The Etruscan haruspices, or prophets, had insisted that the shrine of Vulcan should be located outside of the city because of its dangers. If the Roman god of fire ever grew angry with his people, they feared that a temple within the city could serve as the starting point for a devastating fire.
Despite this warning, the Vulcanal shrine was in the heart of Rome, at the foot of the Capitoline Hill and within the Roman Forum.
The Vulcanal was one of the city’s oldest shrines, however. Supposedly dating back to the 8th century BC, it likely predated the expansion of the city into that area.
It was probably that the shrine of Vulcan was originally located outside of the city’s walls. The Roman god of fire was kept at a safe distance from the archaic city.
Even as the city expanded, Vulcan was kept separate. His shine was in the center of the city, but space was carefully maintained around it so fires could not easily spread.
When a new temple was eventually built sometime in the 3rd century BC, it was placed outside the city walls once again. Its placement on the Campus Martius kept the city safe in more than one way.
The temple of Vulcan was placed on Mars’ field even though the two gods were rivals for the love of Venus. The Romans hoped, however, that the god of war and the god of fire would work together in the common goal of keeping the city safe from outside threats.
Neither city planning nor sacrifices could keep a city such as Rome entirely safe from the treat of fire, though. Buildings were often destroyed and finally, in 64 AD, a devastating fire engulfed much of the city.
The Great Fire of Rome raged for ten days and burned nearly two-thirds of the city’s buildings. Tens of thousands were left homeless and the city’s economy suffered for years.
Different sources through the years blamed Emperor Nero, religious sects, speculators, and looters for the spread of the flames. Most Romans could agree, however, that the fire had been allowed to cause so much devastation because of Vulcan.
After the city was rebuilt, Emperor Domitian made sure to appease Vulcan. A new temple was established and the sacrifices given during the Vulcanalia were expanded to ensure that the city never burned again.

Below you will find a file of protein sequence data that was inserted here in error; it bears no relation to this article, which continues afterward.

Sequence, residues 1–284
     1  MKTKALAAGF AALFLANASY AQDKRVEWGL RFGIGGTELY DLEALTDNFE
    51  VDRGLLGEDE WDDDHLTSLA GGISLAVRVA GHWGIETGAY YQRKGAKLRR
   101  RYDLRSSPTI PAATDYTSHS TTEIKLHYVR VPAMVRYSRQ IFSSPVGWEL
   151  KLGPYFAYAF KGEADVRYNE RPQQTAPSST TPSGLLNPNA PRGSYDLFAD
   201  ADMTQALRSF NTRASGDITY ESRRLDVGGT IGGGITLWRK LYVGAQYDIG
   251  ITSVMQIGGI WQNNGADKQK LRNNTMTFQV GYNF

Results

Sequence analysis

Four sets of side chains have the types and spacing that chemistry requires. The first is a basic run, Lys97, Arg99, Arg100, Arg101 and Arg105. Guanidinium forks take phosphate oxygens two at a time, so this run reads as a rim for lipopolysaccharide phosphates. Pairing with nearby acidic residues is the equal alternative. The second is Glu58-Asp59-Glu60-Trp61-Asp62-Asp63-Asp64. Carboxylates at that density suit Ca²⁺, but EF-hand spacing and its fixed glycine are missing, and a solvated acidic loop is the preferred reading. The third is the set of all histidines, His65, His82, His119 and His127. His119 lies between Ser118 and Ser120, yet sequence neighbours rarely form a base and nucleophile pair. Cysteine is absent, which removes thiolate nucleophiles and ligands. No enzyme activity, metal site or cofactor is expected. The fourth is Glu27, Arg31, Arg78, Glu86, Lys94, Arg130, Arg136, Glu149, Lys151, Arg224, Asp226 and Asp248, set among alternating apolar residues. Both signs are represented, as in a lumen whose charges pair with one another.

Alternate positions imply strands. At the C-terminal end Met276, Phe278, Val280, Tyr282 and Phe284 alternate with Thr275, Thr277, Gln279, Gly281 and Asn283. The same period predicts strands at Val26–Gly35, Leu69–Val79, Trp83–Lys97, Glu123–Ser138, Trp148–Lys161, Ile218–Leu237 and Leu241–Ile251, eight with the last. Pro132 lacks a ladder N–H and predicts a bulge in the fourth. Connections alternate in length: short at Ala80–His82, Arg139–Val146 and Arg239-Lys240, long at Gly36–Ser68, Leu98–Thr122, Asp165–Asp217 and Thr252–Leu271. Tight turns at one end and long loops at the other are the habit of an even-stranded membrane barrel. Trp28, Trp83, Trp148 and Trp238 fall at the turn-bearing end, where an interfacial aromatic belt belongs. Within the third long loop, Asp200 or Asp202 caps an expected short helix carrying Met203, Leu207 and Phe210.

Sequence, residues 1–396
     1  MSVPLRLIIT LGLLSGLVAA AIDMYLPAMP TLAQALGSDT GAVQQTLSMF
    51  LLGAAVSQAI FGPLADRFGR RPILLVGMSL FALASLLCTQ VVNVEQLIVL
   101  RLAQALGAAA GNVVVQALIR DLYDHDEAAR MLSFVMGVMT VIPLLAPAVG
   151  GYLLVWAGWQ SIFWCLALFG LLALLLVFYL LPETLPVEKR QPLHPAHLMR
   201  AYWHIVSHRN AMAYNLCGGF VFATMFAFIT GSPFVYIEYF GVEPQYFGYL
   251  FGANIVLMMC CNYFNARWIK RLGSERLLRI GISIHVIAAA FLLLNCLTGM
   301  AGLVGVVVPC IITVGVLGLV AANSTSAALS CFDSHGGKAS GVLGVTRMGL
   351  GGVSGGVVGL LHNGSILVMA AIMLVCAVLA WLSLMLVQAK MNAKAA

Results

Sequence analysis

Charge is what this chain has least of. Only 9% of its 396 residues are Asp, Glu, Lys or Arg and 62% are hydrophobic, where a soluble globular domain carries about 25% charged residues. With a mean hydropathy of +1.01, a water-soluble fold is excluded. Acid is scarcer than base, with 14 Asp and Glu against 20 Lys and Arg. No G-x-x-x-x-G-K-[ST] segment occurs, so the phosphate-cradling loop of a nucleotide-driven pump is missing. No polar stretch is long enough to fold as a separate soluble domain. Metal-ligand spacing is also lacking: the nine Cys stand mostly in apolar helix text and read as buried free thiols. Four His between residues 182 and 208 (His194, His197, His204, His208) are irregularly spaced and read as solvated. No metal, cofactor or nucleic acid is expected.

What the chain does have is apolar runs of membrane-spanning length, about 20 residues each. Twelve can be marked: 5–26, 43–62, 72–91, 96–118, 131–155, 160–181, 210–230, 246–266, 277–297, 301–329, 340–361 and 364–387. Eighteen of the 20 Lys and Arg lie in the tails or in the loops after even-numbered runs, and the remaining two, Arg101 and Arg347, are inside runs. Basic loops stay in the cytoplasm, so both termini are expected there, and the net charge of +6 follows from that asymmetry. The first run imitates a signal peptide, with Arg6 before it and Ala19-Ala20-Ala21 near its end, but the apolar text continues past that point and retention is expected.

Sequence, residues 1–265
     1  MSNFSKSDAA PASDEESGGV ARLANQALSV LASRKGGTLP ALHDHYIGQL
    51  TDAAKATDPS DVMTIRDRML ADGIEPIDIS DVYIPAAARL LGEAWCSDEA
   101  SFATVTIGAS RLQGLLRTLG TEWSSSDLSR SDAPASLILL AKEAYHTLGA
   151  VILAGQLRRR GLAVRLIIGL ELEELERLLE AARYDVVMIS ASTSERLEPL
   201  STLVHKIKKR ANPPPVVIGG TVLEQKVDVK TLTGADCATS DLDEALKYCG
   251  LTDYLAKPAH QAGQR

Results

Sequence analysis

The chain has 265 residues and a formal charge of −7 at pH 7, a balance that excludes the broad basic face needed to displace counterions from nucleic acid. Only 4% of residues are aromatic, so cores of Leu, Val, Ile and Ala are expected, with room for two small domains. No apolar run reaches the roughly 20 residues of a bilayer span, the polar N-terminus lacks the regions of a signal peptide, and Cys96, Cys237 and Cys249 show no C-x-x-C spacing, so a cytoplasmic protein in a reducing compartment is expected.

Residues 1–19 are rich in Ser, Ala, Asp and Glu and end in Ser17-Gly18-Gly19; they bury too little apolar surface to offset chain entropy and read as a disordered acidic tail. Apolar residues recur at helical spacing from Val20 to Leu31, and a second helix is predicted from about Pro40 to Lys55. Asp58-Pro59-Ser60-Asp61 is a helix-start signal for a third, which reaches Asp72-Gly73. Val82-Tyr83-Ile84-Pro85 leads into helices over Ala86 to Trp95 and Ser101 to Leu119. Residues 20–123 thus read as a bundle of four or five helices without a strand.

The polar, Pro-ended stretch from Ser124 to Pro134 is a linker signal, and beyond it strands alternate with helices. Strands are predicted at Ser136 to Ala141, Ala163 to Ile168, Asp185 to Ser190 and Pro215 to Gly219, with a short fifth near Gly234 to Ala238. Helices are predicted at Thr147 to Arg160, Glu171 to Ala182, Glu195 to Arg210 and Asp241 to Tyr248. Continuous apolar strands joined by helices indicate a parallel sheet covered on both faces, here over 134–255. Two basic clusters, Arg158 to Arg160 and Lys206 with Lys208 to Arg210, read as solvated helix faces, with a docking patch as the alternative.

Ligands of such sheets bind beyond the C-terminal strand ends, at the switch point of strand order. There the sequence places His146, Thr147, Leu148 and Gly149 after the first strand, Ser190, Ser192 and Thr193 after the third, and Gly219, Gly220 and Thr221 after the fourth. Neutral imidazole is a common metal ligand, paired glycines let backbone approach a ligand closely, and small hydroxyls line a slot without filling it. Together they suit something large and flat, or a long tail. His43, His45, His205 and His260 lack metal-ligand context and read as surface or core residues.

The Roman god of fire was Vulcan. His mythology had been inspired by the Greek metalworking deity, Hephaestus.
The pre-Roman Italians, however, had worshiped much less human-like gods than the Greeks. Their pantheon had no dedicated craftsman, but it did have a powerful god of fire.
Vulcan was associated with both the positive and negative qualities of fire.
As a smith, he used fire to create tools, armor, weapons, and luxury items. His fires were constructive and well-contained.
He was also a god of fertility. Ash, whether from controlled fires or the Italian volcanoes, enriched the soil.
The fires and volcanoes he was associated with also had a destructive aspect, however. Vulcan’s fires could destroy crops, burn houses, and kill people who were caught in their path.
Efforts to appease Vulcan were at the center of his worship in Rome. Because the city was large and densely-populated, fire was a constant threat.
Vulcan’s temples and rituals were placed outside of the city or physically isolated from other buildings. Sacrifices were thrown into fires in his name in the hopes that he would accept them rather than demanding human lives.
These efforts were not always successful, and fires broke out in the city with some frequency. The Great Fire of Rome in 64 AD was the most devastating, resulting in the destruction of two-thirds of the city.
In response to this, the Romans redoubled their efforts to appease the god of fire. Vulcan’s anger had destroyed the city, but the people of Rome always hoped that his favor would spare it from more harm.